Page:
A new drug that boosts bone formation has been shown to reduce the risk of fracture in women with osteoporosis when compared to one of the most commonly used osteoporosis medications, according to findings from UAB reported online in NEJM.

– University of Alabama at Birmingham

NEJM online, Sept. 11

UCLA opens first engineered blood stem cell clinical trial for cancers with the NY-ESO-1 tumor marker

Scientists at the Eli and Edythe Broad Center of Regenerative Medicine and Stem Cell Research at UCLA have initiated a phase 1 clinical trial to test a novel cancer treatment for certain kinds of cancers that have a specific tumor marker called NY-ES...

– University of California, Los Angeles (UCLA), Health Sciences

New Toe Implant Helps Patient Regain Mobility

Before the Cartiva implant was available, individuals who experienced severe toe pain from arthritis had no options for relieving the pain that would allow them to remain active.

– Beaumont Health

Using Improv to Boost Confidence, Improve Mental Health

A Rutgers public health student puts his acting skills into play to help people with mental illness and substance use disorders overcome anxiety and communicate more effectively

– Rutgers University

MedWire Announcements

DoD Grant to Advance Possible Metastatic Breast Cancer Treatment From Lab to Patients in Record Time

A team of Houston Methodist researchers and clinicians received two grants totaling over $15.7 million from the Department of Defense (DoD) to accelerate a possible treatment for metastatic breast cancer.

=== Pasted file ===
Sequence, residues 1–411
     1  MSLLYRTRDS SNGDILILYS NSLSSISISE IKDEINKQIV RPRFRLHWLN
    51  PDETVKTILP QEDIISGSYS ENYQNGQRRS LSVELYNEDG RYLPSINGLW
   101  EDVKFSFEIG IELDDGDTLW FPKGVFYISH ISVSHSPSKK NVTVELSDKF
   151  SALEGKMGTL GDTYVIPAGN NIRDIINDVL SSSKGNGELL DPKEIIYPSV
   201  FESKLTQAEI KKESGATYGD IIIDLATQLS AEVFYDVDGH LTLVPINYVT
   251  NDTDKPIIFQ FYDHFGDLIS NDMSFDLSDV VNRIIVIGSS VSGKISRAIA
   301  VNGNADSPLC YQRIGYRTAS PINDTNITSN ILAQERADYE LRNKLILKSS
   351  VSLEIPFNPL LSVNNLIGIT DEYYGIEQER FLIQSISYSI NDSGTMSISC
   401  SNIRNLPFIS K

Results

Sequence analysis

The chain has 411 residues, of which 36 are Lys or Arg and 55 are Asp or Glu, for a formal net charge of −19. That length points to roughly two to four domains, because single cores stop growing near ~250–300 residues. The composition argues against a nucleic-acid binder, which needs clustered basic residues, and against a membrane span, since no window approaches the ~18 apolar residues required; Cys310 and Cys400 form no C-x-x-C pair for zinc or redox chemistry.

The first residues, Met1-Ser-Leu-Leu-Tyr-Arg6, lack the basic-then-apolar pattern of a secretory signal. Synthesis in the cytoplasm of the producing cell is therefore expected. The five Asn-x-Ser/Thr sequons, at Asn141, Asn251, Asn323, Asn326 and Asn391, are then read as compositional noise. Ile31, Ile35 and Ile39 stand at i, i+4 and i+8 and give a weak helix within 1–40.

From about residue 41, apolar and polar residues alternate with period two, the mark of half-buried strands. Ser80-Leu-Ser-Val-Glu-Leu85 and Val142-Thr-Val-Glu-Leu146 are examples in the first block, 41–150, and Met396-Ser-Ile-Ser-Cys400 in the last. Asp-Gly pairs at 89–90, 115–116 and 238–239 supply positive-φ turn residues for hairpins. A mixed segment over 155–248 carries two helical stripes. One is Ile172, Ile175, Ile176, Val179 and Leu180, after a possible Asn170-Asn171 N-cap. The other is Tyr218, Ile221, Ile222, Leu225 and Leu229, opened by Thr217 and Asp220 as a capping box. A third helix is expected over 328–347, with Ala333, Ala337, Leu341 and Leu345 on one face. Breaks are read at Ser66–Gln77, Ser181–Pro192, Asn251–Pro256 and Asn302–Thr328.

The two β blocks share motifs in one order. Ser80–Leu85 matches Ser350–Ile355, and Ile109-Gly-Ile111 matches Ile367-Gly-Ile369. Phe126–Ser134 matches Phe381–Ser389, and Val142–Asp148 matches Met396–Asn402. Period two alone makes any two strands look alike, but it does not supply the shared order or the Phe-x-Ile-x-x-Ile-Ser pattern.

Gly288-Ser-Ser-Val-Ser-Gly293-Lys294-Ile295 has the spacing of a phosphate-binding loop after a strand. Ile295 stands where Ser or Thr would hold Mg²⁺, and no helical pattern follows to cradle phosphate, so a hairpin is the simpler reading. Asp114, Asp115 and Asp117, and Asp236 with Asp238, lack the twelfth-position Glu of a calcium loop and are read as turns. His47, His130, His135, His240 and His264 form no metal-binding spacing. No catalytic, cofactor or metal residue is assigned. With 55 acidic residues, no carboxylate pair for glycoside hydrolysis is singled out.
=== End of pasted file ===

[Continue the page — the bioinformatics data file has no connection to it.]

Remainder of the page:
– Houston Methodist

MD Anderson and Daiichi Sankyo Enter Research Collaboration to Accelerate Development of Acute Myeloid Leukemia Therapies

The University of Texas MD Anderson Cancer Center and Daiichi Sankyo Company, Limited today announced a multi-year collaboration focused on accelerating the development of novel therapies for acute myeloid leukemia (AML).

– University of Texas M. D. Anderson Cancer Center

Embargo expired on 14-Sep-2017 at 08:00 ET

Henry Ford Health System Launches Artificial Intelligence Challenge

Pushing the limits for patients, Henry Ford Health System has launched an artificial intelligence challenge to Israeli technology startups. The winner will partner with Henry Ford to develop and pilot the technology to improve patient care.

– Henry Ford Health System

Bruce Weiner Named President of the American Association of Nurse Anesthetists

Bruce Weiner, DNP, MSNA, CRNA, a Certified Registered Nurse Anesthetist and resident of Tampa, Fla., takes office as the 2017-18 president of the American Association of Nurse Anesthetists.

– American Association of Nurse Anesthetists (AANA)

$8 Million National Science Foundation Grant to Fund Development of a “Bionic Suit” to Help People with Paraplegia Walk